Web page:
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3D vector

  1. Jul 8, 2011 #1
    1. The problem statement, all variables and given/known data


    2. Relevant equations


    3. The attempt at a solution


    How to obtain the correct answer?

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  3. Jul 9, 2011 #2


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    Staff: Mentor

    Velocity is a vector tangential at point C to the circular path traced out.
  4. Jul 9, 2011 #3

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    Hi athrun200! :smile:

    Let's first get the definition and the relevant formulas in order.

    Can you say what kind of rotational movement is made?
    That is, what is the axis?

    I'm feeling generous, so I'll give you the formula that relates vector speed and angular velocity. :wink:

    [tex]\vec v = \vec \omega \times \vec r[/tex]
    Note that these are all vectors and that the multiplication is the cross product.
    Are your familiar with the vector representation of an angular velocity?
    And are you familiar with the cross product?
  5. Jul 9, 2011 #4
    I think vector A is the rotation axis.

    I am familiar with cross product but I am not sure how to get r.
    Is r means the radius of the ratation?

    If it is, then both[tex]\vec \omega[/tex] and[tex]\vec r[/tex] are scalars. ([tex]\vec \omega[/tex] =2 which is given)

    If both of them is scalars, then the velocity should be scalar too.
    However the answer is a vector.

    This is what I am not understand.
  6. Jul 9, 2011 #5

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    Yes, the vector A is the rotation axis.

    You seem very eager to turn vectors into scalars. Don't! They're not.
    They were marked with an arrow on top for a purpose. They are vectors and not scalars.

    The question becomes how to find these vectors.

    From your answer I deduce that you are not aware of the vector representation of the angular velocity.
    (Since you didn't answer my question and went on converting vectors into scalars.)

    So here's a picture from wikipedia that more or less shows what's intended.

    However, in this picture r is shown to be a vector starting in the center of the circular motion.
    This is not required. r can be a vector that starts on any point of the rotational axis.
    I just couldn't find a better picture yet.

    The vector of angular velocity is the vector that is parallel with the axis of rotation, and that has a length that is equal to the scalar angular velocity.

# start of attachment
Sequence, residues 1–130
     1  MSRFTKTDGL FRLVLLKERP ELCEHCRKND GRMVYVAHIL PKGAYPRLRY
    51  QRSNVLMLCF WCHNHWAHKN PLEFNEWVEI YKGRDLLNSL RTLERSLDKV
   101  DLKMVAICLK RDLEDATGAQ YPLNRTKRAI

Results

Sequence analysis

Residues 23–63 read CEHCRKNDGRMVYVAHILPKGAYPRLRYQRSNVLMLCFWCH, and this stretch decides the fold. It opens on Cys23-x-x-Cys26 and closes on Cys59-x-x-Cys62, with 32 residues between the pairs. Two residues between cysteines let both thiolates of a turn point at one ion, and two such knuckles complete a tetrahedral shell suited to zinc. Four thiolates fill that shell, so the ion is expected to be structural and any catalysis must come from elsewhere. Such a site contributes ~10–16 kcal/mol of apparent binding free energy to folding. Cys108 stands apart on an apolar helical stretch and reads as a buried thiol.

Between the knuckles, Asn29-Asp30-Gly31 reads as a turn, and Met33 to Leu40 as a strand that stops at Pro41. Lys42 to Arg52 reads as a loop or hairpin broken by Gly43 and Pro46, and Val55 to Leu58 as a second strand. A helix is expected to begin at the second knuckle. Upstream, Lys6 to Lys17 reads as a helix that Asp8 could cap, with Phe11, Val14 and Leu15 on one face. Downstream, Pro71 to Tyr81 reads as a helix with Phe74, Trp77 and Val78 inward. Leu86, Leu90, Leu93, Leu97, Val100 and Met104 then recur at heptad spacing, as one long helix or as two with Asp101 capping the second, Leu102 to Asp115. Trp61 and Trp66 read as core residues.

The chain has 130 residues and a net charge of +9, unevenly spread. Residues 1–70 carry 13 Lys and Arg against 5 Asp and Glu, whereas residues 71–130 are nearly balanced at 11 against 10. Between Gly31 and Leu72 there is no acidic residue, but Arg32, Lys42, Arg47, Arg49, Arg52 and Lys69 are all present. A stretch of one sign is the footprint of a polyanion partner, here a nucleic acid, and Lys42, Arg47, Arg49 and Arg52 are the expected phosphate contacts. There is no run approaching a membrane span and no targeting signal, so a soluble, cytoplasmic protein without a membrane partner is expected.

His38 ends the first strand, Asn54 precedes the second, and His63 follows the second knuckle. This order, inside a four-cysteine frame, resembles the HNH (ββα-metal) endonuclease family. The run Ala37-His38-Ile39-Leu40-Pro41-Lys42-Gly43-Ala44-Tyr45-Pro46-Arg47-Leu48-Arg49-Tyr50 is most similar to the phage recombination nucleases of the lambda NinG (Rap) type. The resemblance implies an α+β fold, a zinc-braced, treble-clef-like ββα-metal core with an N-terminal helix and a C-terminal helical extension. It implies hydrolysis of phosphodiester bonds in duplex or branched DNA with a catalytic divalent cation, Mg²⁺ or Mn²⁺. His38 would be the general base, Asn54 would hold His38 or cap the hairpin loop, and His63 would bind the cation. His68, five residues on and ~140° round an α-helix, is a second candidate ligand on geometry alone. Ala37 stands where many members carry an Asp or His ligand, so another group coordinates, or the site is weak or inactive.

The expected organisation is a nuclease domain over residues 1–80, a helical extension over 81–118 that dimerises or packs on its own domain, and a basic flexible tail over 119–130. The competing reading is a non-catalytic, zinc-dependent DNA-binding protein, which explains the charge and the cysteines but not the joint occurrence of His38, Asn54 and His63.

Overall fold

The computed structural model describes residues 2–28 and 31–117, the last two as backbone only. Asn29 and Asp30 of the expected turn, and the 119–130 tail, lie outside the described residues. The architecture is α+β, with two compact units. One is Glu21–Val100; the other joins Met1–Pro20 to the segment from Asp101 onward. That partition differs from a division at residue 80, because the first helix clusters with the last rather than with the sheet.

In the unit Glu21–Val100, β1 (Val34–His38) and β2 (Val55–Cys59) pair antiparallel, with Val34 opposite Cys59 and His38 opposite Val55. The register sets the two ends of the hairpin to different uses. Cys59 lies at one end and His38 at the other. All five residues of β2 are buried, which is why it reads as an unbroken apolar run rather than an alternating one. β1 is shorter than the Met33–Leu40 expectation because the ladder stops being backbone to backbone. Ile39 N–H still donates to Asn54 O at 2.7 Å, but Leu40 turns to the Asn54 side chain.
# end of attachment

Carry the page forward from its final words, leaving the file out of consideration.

Can you write down the vector representation of angular velocity?
    And can you say which vector r is intended now?
  7. Jul 9, 2011 #6

    Oh, it is my first time to know that angular velocity is along the axis of rotation.(When I studied A-Level physics, it didn't mention anything about vector all of them is scalar.)

    So, in order to make the angular velocity lies on the axis of rotation, we get 2[itex]\vec{A}[/itex]. However, the magnitude is not 2. To ensure the vector has magnitude of 2, we need to have the unit vector of [itex]\vec{A}[/itex].
    Thus [itex]\vec{\omega}=2\frac{\vec{A}}{\vec{|A|}}[/itex]

    I am not sure for [itex]\vec{r}[/itex].
    Is [itex]\vec{r}=\vec{C}-\vec{A}[/itex]?
  8. Jul 9, 2011 #7

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    Good! And I see you found the [ itex ] tag. :smile:

    Vector A is a vector of arbitrary length defining the axis.
    Vector C is a vector from the axis to the point you're interesting for finding the velocity vector.
    You'll find your result comes out the same if you add any multiple of A to it (since effectively its starting point will still be on the axis)! :wink:
    To be clear if you take [itex]\vec{r}=\vec{C}[/itex] that will be just fine.
    Last edited: Jul 9, 2011
  9. Jul 9, 2011 #8
    Thx! I get the answer.

    But I still don't understand why I can use both [itex]\vec{r}=\vec{A}+\vec{C}[/itex] and [itex]\vec{r}=\vec{A}-\vec{C}[/itex].
    Do you have any further information about this? (e.g. website or books)

    Thx so much:approve:
  10. Jul 9, 2011 #9

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    Not really. I don't have any books myself about it, nor do I know of a website :)
    You can try e.g. wikipedia, but perhaps that is a bit too much for you.

    Basically it's a property of the cross product, which looks at the part where 2 vectors are perpendicular to each other. Any parallel part is effectively ignored.

    You can also see it algebraically. That is:
    [tex](\vec A + \vec C) \times \vec A = (\vec A \times \vec A) + (\vec C \times \vec A) = \vec 0 + (\vec C \times \vec A)[/tex]
    Note that the cross product of a vector with itself is zero.
  11. Jul 9, 2011 #10
    I understand now, thanks so much.
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